An activist collective cited controversial recreational cannabis store Uncle Ikes for gentrification and destroying Black and Brown communities.
An activist collective cited controversial recreational cannabis store Uncle Ike's for gentrification and "destroying Black and Brown communities." WWWAYWARD

Late Monday night, members of an activism collective issued gentrification "citations" to 23rd Avenue businesses and development projects in the Central District. Uncle Ike's and CommuniTea Kombucha were two of the businesses that had the flyers taped onto their windows. The flyer, shown after the jump, reads:



• Being an unapologetic gentrifier.
• Unchecked white/class privilege.
• Destroying Black and Brown communities.
• Making mortgages/rent unaffordable.
• Exasperating income segregation.
• Stealing Black culture while displacing Black People.

Fines will be collected along with reparations in the revolution.

In interviews, artists Yeni Lopez Sleidi and Emnet Getahun told The Stranger they decided to issue the karmic infractions after experiencing gentrification first-hand or hearing from distraught friends who were pushed out of their neighborhoods. Sleidi, who is visiting town from her home in Miami, Fla., runs, which focuses on the intersections of race, sexuality, and politics, among other topics.

The collective's goal, said Sleidi, is to reignite the conversation about the ongoing gentrification of the Central District and the displacement of people of color across Seattle. "It's easy to say that gentrification exists, acknowledge it, and move on," said Getahun. "But it's alive and thriving for black folks and people of color."


Spent the night with @afroneonblues putting up these anti-gentrification flyers around #seattle's CD.

A video posted by Yeni Lopez Sleidi (@real_person_with_feelings) on

Ian Eisenberg, owner of Uncle Ike's, a controversial topic in the neighborhood, said he was concerned that the activists were the same people who shouted anti-Semitic epithets at him during a protest last year. He said he was concerned about an article about Israel on Wwwayward's site. (Neither Wwwayward nor the activist collective is anti-Semitic, Sleidi said.)

Sleidi said that Uncle Ike's was targeted because people of color had centered the cannabis shop in the conversation about gentrification. The karmic citation project was meant to call out people contributing to gentrification in the neighborhood, and according to Sleidi, those gentrifiers include white people as well as people of color, particularly those in the tech industry, who have the means to afford to live in fancy apartment buildings that are causing neighborhood rents to skyrocket.


Although they are trying to reignite the conversation about gentrification, Sleidi made it clear that she believes the problem cannot exist as just a discussion. People of color are being targeted by "predatory" housing developers, she said, and the people living in new buildings are not taking the necessary direct actions to stop that cycle. The Stranger asked Sleidi and Getahun for specific actions or solutions that they believe can address the concerns they're raising, but did not receive specific answers. Any answers, the artists argue, must come from the people they see as gentrifiers.

The Central District has been the staging ground for a number of anti-gentrification protests over the years and Uncle Ike's is no stranger to protests, said Eisenberg.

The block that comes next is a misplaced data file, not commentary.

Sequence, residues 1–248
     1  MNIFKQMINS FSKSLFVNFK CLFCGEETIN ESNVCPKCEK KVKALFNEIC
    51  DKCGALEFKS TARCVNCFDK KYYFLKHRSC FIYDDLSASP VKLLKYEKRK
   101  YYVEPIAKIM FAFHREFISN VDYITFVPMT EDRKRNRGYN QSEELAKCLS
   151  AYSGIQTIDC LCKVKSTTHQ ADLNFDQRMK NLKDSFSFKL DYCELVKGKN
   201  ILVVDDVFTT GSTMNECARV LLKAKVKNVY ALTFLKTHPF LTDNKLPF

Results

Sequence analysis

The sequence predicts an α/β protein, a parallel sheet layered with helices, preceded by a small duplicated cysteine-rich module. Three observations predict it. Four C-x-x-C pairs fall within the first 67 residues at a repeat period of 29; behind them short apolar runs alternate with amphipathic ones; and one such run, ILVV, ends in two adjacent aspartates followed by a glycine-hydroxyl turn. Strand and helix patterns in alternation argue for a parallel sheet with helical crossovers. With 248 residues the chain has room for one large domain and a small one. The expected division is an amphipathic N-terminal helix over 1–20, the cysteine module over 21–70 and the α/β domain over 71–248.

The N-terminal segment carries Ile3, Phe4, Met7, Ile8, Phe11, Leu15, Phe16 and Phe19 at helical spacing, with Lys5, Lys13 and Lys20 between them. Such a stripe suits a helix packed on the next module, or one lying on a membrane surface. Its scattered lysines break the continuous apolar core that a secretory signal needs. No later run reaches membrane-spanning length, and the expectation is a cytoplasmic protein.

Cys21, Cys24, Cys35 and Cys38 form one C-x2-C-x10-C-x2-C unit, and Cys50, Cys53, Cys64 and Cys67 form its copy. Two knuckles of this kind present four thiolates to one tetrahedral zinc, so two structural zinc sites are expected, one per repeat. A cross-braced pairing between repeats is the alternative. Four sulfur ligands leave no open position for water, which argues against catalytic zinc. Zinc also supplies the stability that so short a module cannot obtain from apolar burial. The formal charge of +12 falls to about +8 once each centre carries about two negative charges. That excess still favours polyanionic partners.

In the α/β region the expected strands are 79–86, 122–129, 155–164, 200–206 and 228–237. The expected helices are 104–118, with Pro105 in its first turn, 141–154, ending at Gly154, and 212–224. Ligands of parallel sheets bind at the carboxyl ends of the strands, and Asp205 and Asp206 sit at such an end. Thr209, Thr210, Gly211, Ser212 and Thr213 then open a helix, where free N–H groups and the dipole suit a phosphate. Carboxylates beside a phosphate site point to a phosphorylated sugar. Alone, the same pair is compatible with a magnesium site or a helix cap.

He admitted that the artists' critique of his business as a gentrifier is somewhat accurate. But the cannabis shop is also a half mile from Capitol Hill, which is being rapidly developed, too, he said.

"I'm part of this community and I've been to the committee meetings," said Eisenberg. "Ninety percent of the people I've talked with in the community say they love Ike's and they're happy that we've made this corner safer."

Eisenberg said he is concerned about communities of color being pushed out of the neighborhood, but also believes new developments have benefitted the community. New businesses are replacing boarded up stores and making the neighborhood commercially desirable again, he said.

"I think there's a difference between gentrification and displacement," said Eisenberg. "If you just try to call it 'gentrification,' you're oversimplifying the problem."

For Sleidi and Getahun, arguments like Eisenberg's put the burden to "figuring out gentrification" onto communities of color — and that's not right. To find solutions, they said, "people need to not be defensive. They need to acknowledge that white supremacy was and is at a play."


Joyner of CommuniTea Kombucha, a white-owned company, was sympathetic to the activist's cause.

"Development in this particular corner is amazing," he said. "The impact on traditional businesses in this neighborhood is very clear. The process didn't start when we got here and it's not going to end now — it's a wide ranging process."

While Joyner is aware that gentrification is a major issue in the CD, Joyner said this is the first time his business has been pointed to as part of the problem. "I'm certainly in solidarity with the people concerned with what's happening," he said.

"The copy on the flyer is very aggressive — and we don't take that back," Sleidi said. "People who are [economically comfortable] are able to extensively and critically think about their privileges, but they usually choose not to disrupt the comfort that other people's misfortune has granted them. Living comfortably shouldn't be something only white people can do."

She continued: "Our project's intention was to disrupt that comfort and make them regularly confront the repercussions of their economic and racial privileges, rather than to exist in a state of blissful ignorance."